It was a year ago today and I was offered some work out of town. Taking it meant I would miss Pickathon. Not an easy decision. But I had. In the meantime I soothed myself with some bullshit notion that time and money should be spent on new opportunities rather than repeating old ones.
On that Friday, last year, I found myself twiddling my thumbs and wandered on to Pickathon's website and live video feed. Holy shit, there it was. Close, but teasing. Happy to have it, but knowing that so much was happening beyond the lens. Still, I watched. Cranked the stereo. Bittersweet.
Sitting there, in front of the glowing monitor and a setting sun, I knew what I had to do. I resolved to return to Pendarvis Farm the following year.
And in just a few minutes I'll hop on the freeway, pick up my pass, and pitch a tent. Ecstatic to return. To be there, to wander, to be surprised, exhilarated, tired and bleary-eyed. To see Cass McCombs on the Starlight Stage after White Denim in the Barn on Saturday. For Neko Case in the Woods and the War On Drugs, wherever I find them.
Even moreso, I'm excited for what I don't know. In each of the years I've attended Pickathon I've discovered a band heretofore unknown to me. First it was Sam Quinn, one of the most profoundly wilting artists working today. Then it was Cotton Jones, the tremendous, harmonious, loving family band.
Often I tell friends to go. And in the pages of this paper, we've extolled the festival's singular greatness for years. But because of the high entry price, it can be difficult barrier to clear—especially for someone not really sure what it is they'd be getting into. And while the streaming video, which is up already at Pickathon.com, is a taste, it's a small one. A sample. There's much more to it than the cameras can capture.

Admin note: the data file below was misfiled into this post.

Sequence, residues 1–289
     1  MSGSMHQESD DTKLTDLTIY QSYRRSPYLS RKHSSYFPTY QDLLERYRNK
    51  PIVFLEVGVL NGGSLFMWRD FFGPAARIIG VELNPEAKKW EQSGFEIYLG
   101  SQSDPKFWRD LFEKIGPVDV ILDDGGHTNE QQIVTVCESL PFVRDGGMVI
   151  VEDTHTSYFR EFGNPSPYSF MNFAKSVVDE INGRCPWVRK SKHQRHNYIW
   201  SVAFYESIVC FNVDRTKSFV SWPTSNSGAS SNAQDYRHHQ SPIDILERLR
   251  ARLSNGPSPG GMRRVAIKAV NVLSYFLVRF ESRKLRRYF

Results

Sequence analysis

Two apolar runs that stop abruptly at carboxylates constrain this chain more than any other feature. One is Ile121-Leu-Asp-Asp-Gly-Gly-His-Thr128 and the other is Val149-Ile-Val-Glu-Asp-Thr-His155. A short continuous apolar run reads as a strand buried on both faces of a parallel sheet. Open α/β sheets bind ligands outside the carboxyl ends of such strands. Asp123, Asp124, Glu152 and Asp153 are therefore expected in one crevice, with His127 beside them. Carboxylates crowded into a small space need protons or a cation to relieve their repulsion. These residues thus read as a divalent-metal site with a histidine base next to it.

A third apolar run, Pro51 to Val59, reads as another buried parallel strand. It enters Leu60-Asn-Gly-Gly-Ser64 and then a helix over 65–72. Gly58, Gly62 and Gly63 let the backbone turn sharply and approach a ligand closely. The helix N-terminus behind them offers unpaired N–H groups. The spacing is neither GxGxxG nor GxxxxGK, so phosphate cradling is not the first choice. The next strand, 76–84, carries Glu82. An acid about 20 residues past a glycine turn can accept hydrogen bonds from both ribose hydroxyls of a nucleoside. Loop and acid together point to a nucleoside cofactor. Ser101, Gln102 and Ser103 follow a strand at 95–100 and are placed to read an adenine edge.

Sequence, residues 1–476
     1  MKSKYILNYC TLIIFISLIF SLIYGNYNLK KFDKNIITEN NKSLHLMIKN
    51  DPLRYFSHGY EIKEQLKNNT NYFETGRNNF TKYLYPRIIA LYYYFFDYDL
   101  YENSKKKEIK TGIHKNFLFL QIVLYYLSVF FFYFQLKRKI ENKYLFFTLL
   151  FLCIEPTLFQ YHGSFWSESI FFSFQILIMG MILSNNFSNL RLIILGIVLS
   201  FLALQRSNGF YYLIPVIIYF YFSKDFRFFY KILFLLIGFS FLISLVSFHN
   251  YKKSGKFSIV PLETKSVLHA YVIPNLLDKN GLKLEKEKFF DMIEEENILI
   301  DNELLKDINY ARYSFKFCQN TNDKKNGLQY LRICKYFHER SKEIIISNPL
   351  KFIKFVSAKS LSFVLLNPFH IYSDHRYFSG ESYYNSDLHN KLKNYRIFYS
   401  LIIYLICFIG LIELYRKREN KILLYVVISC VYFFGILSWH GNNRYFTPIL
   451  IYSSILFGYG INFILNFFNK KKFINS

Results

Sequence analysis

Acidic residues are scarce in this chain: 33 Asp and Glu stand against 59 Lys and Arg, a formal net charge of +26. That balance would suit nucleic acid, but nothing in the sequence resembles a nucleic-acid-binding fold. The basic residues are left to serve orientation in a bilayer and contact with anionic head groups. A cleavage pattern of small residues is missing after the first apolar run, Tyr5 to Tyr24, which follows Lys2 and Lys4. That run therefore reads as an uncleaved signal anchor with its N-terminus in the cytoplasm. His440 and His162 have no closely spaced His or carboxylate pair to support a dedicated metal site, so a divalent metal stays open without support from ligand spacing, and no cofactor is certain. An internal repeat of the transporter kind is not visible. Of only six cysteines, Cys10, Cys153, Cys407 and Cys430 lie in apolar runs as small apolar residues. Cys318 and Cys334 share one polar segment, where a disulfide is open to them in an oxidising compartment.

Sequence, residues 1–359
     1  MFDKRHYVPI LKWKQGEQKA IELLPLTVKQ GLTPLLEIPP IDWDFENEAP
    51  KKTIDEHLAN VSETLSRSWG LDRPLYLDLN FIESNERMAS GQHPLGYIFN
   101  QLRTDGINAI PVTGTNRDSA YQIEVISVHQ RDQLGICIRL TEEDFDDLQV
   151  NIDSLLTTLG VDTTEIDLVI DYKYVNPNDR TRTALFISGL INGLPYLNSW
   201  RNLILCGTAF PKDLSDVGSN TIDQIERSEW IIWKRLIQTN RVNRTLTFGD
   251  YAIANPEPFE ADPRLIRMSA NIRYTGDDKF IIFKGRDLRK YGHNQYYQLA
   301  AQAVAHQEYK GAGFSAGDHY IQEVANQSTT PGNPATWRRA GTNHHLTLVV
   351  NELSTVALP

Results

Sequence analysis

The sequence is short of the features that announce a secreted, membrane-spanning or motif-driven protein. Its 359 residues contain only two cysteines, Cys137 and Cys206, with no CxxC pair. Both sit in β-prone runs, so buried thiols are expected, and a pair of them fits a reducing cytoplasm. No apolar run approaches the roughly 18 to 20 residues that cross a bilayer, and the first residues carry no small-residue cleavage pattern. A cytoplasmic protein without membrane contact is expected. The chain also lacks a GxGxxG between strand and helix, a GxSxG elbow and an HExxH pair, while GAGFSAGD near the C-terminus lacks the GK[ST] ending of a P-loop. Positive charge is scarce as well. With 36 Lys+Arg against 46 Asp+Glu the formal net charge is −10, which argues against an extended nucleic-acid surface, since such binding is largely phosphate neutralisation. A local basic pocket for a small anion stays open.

That said, this year's video operation figures to be more immersive than last year. Yesterday I spoke with Jeff Hylton-Simmons, audio engineering guru with Intothewoods.tv, Mississippi Studios and live sound man for a number of hot-shit Portland groups. Simmons is working on the live mixes, and explains that this year's audio quality is going to be leagues better than last year. (For the techies: instead of just using the stage mix, Simmons and other engineers will create their own separate, stereo friendly mixes.)
So, if you find yourself away from the fest, check in at Pickathon's site for the stream (it even works on my iPad, though the audio is a little wonky at this early hour), or with radio partners KEXP and Paste Magazine.
But if you're looking to get a handle on what Pickathon is—and really you should—tune in with this in mind: what you're seeing is just a sample. A few toothpick bites of sumptuous feast.
Now if you'll excuse me...